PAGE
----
This week we’re talking to Dr. Jenna Phillips about a fascinating form of singing in the high middle ages that’s basically like medieval battle rap. Two singers debate a topic in song, and make appeals to two judges, who then declare the winner. It’s a great episode because it has everything. We discuss just what on earth the High Middle Ages are through talking about the Cathedral of Notre Dame. Then Jenna takes us into the world of popular singing: the troubadours and the crusaders. Finally we talk about one particular style of singing, the juex partis. Then, as an added bonus, Dr. Phillips talks to us about how an archival discovery let her understand how people actually sang the jeux partis back in the day.
And since we’re talking about music, Dr. Phillips has kindly given us a ton of period music to listen to!
Here’s an example of the polyphony that came out of the school at Notre Dame de Paris:
And here’s Bernart de Ventadorn, 'Can Vei la Lauzeta Mover'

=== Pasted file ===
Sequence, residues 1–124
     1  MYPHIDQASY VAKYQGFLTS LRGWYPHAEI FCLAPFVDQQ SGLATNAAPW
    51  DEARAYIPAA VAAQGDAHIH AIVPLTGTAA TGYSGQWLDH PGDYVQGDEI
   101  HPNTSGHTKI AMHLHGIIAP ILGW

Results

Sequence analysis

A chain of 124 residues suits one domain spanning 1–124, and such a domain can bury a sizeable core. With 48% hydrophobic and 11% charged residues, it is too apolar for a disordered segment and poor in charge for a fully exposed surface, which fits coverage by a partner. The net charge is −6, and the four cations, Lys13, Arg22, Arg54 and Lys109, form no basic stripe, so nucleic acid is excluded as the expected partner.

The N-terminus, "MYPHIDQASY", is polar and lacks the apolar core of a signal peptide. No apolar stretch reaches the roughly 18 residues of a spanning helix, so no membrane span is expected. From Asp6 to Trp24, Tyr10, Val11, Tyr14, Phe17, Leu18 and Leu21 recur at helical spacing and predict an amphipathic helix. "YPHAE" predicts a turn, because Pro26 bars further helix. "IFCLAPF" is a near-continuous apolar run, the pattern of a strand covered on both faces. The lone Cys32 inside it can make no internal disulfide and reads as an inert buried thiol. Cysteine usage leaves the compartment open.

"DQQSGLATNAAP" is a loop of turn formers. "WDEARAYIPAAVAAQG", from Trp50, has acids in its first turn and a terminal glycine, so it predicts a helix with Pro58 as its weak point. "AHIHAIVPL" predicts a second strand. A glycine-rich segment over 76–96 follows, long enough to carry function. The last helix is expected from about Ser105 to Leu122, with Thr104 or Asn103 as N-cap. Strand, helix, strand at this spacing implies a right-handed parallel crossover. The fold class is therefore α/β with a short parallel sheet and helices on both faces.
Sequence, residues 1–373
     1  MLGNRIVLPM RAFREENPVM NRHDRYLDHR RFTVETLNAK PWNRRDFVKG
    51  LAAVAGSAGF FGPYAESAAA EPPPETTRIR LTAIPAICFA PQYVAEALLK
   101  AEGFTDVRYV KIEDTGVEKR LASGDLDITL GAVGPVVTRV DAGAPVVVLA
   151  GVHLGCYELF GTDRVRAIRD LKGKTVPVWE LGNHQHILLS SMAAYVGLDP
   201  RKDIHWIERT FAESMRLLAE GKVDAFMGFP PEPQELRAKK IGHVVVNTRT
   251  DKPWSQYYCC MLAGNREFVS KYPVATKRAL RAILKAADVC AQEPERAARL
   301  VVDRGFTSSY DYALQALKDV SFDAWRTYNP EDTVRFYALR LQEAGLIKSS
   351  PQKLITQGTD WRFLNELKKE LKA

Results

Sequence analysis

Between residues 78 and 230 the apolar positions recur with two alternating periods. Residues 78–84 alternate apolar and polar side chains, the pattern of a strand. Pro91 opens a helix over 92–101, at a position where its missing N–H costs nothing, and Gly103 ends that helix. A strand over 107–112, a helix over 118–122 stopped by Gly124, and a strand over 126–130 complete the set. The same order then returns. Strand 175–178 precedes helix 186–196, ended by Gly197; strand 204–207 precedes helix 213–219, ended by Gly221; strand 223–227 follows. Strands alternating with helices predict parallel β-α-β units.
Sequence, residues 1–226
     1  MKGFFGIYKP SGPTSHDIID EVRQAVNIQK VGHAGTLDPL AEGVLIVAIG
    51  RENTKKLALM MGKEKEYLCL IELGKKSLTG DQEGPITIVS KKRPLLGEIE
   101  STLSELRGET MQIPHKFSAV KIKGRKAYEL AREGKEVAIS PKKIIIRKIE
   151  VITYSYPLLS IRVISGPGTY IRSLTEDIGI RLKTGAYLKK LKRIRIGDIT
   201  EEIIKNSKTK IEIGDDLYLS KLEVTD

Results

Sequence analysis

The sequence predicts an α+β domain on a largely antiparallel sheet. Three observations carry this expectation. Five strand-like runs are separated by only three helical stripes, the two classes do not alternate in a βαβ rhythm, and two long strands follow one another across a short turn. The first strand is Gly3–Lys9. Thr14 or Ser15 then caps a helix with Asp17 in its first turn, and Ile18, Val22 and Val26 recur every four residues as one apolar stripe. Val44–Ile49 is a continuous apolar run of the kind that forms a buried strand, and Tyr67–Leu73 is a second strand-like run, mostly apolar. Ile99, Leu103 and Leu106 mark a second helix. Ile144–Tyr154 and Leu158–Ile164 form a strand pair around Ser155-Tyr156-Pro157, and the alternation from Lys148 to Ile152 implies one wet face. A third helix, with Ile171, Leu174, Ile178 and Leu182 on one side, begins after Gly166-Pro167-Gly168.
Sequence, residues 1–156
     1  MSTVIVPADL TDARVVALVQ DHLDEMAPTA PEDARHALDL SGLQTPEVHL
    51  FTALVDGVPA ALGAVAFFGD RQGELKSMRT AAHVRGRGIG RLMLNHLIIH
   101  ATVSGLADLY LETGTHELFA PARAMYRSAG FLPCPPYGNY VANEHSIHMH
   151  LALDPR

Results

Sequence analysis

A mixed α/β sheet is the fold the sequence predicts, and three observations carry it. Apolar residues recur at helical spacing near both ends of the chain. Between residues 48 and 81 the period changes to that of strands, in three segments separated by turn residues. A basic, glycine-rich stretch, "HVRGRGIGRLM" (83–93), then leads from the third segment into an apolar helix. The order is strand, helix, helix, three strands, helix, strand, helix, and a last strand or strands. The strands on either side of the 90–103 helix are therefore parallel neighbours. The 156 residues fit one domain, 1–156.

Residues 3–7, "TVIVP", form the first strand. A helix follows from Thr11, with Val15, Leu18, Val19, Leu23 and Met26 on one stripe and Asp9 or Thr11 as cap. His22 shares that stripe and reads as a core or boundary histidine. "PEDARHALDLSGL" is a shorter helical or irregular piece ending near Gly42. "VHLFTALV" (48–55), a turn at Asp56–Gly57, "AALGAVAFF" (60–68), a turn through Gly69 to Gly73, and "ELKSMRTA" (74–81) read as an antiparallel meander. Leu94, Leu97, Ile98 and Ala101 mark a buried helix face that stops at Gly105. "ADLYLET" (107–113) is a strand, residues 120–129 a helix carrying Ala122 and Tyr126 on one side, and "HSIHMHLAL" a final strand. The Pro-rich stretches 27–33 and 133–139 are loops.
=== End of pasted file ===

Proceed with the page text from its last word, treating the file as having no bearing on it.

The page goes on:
There aren't many recordings of jeux partis, but here is one modern performance, which came out of a collaboration between the Oxford musicologist Elizabeth Eva Leach and the Belgian musicians, Grandelevoix:
Check out Dr. Phillips article, Singers without borders: a performer’s rotulus and the transmission of jeux partis in the Journal of Medieval History!
William Chester Jordan, Europe in the High Middle Ages
Christopher Page, The Owl and the Nightingale: Musical Life and Ideas in France 1100-1300
Samuel Rosenberg, Margaret Switten and Gérard le Vot, eds., Songs of the Troubadours and Trouvères: An Anthology of Poems and Melodies
Jennifer Saltztein, "Cleric-Trouvères and the Jeux-Partis of Medieval Arras"